He stands awkwardly as he lifts the spear, and he looks uncertain, as well he might. The young Zulu is pretending to be natural for a studio photographer of the 1880s. Behind him is a provincial-panto backdrop showing the kind of gentle forest that's filled with fairies and bunnies, not the jungle of Africa where Henry Morton Stanley could hardly see his hands.
In an image taken by a photographer this year, the face of a young African woman, brilliantly lit and blown up to more than twice life size, floats on a dark-sepia background in the manner of Robert Mapplethorpe. It is a colour photo, but the only colours, rich and deep, are blacks and browns and a bit of pinkish violet where the inside of her mouth meets her lower lip. We can see the whites of her eyes, clear and bright, as she coolly stares, and we can also see the three stripes of ritual scarification on her cheeks and forehead, as well as every hair and pore.
One's response to the first photograph is simple enough - amusement, sympathy, a feeling of mild superiority to the Victorians who saw in it nothing inauthentic or absurd. But while the second photograph seeks to win our respect and wonder as openly as the first seeks our condescension and curiosity, its aim is not so easily achieved. Are we seeing a great, dark goddess, or a woman who, to serve the photographer's purpose - artists being as ruthless as empire-builders - has been manipulated to follow the fashions in art and emotion? As we cross the lunar landscape of her face, noting every infinitesimal hillock and declivity, are we humbled by the fearlessness of her self-exposure or released from our awe by being able to know the imperfections of this woman's face better than she?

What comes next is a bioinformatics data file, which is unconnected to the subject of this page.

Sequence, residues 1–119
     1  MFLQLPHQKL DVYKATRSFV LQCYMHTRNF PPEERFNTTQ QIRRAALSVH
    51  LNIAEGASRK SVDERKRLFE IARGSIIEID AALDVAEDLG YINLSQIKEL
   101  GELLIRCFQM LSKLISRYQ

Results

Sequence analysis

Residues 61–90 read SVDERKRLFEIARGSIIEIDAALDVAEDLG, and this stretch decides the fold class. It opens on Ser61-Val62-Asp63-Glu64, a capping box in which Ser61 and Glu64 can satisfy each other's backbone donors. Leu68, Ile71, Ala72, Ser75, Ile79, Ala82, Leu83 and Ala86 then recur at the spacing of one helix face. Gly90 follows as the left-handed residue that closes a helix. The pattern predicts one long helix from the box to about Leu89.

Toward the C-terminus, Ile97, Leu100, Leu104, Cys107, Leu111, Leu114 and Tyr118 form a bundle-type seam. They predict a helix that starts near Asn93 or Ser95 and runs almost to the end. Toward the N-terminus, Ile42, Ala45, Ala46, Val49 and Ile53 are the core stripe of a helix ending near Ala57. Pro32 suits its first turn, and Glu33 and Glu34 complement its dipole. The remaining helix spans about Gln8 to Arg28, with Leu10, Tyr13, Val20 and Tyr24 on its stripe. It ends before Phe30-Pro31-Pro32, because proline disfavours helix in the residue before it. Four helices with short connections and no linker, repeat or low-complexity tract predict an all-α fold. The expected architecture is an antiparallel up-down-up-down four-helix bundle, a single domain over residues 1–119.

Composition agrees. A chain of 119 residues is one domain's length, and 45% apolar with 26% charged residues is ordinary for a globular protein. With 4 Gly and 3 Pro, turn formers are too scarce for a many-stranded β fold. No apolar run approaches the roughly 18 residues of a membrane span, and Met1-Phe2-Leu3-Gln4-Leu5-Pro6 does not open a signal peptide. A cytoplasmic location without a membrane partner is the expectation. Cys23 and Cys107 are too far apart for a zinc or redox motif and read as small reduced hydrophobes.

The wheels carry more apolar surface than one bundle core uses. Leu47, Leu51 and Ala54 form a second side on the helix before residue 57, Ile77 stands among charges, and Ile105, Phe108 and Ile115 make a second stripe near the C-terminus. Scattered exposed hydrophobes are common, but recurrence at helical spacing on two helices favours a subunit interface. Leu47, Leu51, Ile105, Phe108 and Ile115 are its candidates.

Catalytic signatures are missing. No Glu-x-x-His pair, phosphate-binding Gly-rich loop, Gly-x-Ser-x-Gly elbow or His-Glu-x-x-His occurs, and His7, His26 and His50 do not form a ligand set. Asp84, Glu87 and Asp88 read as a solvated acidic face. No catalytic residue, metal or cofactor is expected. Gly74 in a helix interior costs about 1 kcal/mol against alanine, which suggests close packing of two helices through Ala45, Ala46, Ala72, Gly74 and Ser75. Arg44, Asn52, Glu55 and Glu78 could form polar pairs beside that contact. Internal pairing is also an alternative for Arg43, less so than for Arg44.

Such are the complications and disquiet provoked by an exhibition of 200 photographs of Africa and Africans from the past 150 years at Bernard J Shapero Rare Books in London. European guilt at the exploitation of Africa and the treatment of its people makes it all the more uncomfortable to consider the transformation of impoverished men and women into objects of art that change hands for thousands of pounds. African viewers have also been troubled by the images: before the show opened, one woman expressed such indignation at five of them that they were withdrawn. However, these supposedly degrading photographs - very small pictures of nude women sitting on a carpet or standing, framed by a cloak - are hardly different from larger images of other nudes in almost identical poses. They seem less disturbing than a picture of two very young girls who, naked but for a few beads, look vulnerable and bewildered before a painted ocean of stiff, curlicued waves, like actors called onstage in a costume from the wrong play.
These and other images from more than 100 years ago show how photographers with artistic ambitions would produce tableaux of odalisques of the sort painted by Ingres in the early 19th century and popularised several decades later by the orientalists. How many European purchasers of this contrived exotica, one wonders, noticed any disjunction between the props and poses of the Maghreb and the skins and shapes of Africans from much further south? The images that are most genuinely exotic were taken in 1856 in Algeria. These show women, in brocade kaftans and beaded headdresses, who could be posing for Delacroix. Perhaps they did.